Atlas of Ophthalmology

Proliferative Diabetic Retinopathy with Rubeosis Iridis (Colour Photo, FFA, OCT)

Systemic Diseases -> Endocrine Disorders -> Diabetes Mellitus -> Retina -> Proliferative (PDR)
Patient: 55 years of age, female., BCVA 0.5 at OD 0,3 at OS; IOP 16 at OD, 18 at OS. General medical history: Diabetes since 27 years, insulin therapy, Hba1c 13%; Ocular medical history: empty. Main complaint: decrease of vision at both eyes Purpose: to present diabetes induced changes of the anterior and posterior segment. Methods: Colour Photography Anterior Segment, Colour Fundus Photography, Fluorescence Angiography, SD-OCT. Findings: Colour Photography Anterior Segment : showing a neovascularization at the iris border at 11 o‘clock (arrow). Colour Fundus Photography 45°: showing neovascularization at the optic disk (1), retinal hemorrhages (2), retinal microinfarcts (3), and hard exsudates (4). Colour Fundus Photography 15°: showing a neovascularization at the optic disk. Fluorescence Angiography: showing macular ischemia with dropout of macular capillaries. SD-OCT: showing a focal hyperdensitity of a retinal microinfarct. Discussion: It was shown by Liu et al. (1) that progression and regression of DR were strongly associated with blood pressure and glycemic exposure. In a huge study they investigated the progression and regression of diabetic retinopathy (DR) and the effects of population risk factors on the rates of transition across retinopathy stages. From 1990 to 2011 4,758 diabetic patients who were diagnosed at 35 years of age or older were observed. They found a consistent risk effect of HbA1c on the progression from no retinopathy to mild background DR a hazard ratio per SD of HbA1c of 1.42, from mild BDR to observable BDR a hazard ratio of 1.32, and from observable BDR to severe nonproliferative/proliferative DR a hazard ratio of 2.23. Similarly, systolic blood pressure (SBP) and diastolic blood pressure increased the risk for the transition from the asymptomatic phase to mild BDR with a hazard ratio of 1.20 and from the mild BDR to observable BDR with a hazard ratio of 1.87, respectively. Regression from mild BDR to no DR was associated with lower SBP and lower HbA1c . Literature: (1) Liu Y, Wang M, Morris AD, Doney AS, Leese GP, Pearson ER, Palmer CN. Glycemic Exposure and Blood Pressure Influencing Progression and Remission of Diabetic Retinopathy: A longitudinal cohort study in GoDARTS. Diabetes Care. 2013 Oct 29.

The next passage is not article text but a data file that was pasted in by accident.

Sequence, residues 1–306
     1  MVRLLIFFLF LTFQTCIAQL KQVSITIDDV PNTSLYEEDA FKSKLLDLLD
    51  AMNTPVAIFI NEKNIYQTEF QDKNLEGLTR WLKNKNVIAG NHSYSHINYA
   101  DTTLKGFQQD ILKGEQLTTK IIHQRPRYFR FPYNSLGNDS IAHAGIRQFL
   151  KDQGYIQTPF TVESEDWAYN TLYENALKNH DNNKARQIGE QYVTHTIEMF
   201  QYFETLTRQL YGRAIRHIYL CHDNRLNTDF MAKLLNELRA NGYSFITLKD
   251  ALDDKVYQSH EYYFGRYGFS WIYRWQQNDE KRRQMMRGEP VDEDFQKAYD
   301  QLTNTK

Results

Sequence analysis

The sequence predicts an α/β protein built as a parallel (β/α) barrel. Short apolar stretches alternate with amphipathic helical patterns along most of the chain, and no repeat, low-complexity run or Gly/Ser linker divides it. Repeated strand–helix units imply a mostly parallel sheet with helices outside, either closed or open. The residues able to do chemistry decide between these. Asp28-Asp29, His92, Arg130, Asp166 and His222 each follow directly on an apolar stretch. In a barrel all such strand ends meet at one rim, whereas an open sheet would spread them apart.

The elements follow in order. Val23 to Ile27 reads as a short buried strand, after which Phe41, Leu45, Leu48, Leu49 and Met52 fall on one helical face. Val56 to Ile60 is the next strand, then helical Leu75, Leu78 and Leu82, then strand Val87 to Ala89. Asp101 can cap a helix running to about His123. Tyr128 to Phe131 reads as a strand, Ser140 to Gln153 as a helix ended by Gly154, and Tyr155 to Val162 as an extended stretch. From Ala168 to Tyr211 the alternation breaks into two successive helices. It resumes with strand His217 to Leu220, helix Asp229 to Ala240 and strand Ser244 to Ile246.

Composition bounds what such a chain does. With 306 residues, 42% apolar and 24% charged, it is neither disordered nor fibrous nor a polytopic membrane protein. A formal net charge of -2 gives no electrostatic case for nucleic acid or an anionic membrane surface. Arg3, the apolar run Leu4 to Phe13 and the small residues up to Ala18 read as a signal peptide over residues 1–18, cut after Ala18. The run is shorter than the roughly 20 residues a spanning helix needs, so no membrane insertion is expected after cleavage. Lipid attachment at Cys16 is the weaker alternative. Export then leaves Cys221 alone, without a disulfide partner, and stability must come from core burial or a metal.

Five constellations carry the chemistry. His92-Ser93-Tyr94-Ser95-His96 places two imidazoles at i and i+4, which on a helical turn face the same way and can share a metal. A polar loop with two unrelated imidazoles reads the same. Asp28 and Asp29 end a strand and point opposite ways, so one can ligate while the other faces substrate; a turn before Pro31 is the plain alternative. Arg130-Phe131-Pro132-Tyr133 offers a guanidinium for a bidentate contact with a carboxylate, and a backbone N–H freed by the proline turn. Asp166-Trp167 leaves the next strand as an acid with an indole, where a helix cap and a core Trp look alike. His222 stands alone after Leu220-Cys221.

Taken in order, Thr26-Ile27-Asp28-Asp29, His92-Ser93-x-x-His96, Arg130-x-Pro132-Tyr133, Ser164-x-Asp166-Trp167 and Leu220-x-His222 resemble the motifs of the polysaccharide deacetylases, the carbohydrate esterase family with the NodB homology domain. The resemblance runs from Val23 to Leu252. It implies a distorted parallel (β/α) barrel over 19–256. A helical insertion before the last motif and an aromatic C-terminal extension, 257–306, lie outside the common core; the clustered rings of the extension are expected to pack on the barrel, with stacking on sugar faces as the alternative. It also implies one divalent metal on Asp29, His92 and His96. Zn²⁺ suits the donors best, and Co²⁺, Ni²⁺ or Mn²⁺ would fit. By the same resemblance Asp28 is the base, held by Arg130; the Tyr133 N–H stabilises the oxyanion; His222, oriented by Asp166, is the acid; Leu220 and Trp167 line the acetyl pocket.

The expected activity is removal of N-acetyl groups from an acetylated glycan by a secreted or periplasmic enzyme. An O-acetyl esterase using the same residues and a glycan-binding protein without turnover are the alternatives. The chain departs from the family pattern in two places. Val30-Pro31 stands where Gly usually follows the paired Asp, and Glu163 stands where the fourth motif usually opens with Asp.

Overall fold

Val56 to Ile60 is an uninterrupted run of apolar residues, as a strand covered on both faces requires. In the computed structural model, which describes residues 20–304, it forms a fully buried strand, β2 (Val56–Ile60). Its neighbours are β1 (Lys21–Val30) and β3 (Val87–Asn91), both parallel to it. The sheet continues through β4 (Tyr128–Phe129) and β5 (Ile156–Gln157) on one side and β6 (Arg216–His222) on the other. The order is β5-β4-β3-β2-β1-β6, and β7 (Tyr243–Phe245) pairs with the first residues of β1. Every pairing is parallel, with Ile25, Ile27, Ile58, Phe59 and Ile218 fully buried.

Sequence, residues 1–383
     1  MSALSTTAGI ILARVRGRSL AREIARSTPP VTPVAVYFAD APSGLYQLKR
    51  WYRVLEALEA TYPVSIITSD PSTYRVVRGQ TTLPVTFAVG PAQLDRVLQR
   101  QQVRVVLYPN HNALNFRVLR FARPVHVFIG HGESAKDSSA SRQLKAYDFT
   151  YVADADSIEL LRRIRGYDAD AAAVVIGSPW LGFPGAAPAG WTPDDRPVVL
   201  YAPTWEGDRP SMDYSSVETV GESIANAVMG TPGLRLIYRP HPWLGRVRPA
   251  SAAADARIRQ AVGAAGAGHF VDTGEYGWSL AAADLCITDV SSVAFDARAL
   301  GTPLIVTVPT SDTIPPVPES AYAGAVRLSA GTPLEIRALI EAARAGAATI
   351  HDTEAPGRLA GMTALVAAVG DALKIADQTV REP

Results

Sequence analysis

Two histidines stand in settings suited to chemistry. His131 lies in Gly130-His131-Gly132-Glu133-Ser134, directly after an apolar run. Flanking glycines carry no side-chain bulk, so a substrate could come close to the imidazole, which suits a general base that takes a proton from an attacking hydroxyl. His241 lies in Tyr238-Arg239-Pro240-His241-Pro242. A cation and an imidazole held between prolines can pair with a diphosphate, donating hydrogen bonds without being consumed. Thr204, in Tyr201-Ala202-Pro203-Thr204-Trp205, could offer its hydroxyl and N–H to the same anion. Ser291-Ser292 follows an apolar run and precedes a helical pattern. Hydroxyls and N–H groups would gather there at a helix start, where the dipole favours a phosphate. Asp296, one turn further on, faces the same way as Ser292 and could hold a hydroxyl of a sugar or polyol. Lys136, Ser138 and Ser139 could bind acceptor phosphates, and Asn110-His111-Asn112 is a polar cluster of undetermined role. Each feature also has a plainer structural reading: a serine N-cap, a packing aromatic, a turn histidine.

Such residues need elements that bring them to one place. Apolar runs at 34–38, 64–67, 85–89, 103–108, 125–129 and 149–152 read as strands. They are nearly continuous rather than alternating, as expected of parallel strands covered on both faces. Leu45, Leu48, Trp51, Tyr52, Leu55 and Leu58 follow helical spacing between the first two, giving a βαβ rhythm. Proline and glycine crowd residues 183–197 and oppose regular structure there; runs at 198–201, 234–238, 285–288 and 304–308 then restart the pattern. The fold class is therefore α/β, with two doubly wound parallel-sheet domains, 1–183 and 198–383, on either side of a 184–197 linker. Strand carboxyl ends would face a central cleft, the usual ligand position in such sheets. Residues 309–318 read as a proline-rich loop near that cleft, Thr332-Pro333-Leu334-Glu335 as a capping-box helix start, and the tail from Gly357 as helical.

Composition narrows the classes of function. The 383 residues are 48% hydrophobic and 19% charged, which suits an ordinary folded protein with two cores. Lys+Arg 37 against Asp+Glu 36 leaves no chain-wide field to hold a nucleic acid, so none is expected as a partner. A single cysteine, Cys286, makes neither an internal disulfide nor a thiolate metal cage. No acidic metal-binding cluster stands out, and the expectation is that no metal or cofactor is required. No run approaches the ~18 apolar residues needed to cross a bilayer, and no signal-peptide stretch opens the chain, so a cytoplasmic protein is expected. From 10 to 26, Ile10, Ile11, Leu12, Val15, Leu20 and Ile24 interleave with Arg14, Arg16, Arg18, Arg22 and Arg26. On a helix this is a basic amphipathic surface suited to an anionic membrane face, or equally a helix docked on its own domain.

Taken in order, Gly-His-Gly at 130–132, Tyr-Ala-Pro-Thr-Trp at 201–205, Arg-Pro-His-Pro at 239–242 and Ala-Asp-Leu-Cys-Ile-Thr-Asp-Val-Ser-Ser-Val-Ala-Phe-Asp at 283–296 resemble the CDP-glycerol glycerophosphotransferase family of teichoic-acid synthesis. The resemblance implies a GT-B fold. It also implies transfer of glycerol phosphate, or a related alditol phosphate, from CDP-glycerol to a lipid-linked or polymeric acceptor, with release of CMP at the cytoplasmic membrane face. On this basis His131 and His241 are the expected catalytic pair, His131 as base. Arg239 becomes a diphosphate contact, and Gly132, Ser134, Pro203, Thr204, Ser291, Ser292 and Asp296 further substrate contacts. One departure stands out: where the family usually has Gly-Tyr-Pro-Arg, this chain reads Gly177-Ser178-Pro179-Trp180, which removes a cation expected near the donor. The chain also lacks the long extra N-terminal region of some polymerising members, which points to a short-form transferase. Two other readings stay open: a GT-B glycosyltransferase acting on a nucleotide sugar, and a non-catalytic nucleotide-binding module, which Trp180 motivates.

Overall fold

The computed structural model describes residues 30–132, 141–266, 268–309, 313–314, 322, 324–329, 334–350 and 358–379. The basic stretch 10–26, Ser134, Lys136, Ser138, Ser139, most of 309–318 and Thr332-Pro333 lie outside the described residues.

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OCT diagnostic with Active Eye Tracker, AutoRescan and Heidelberg Noise Reduction technology.
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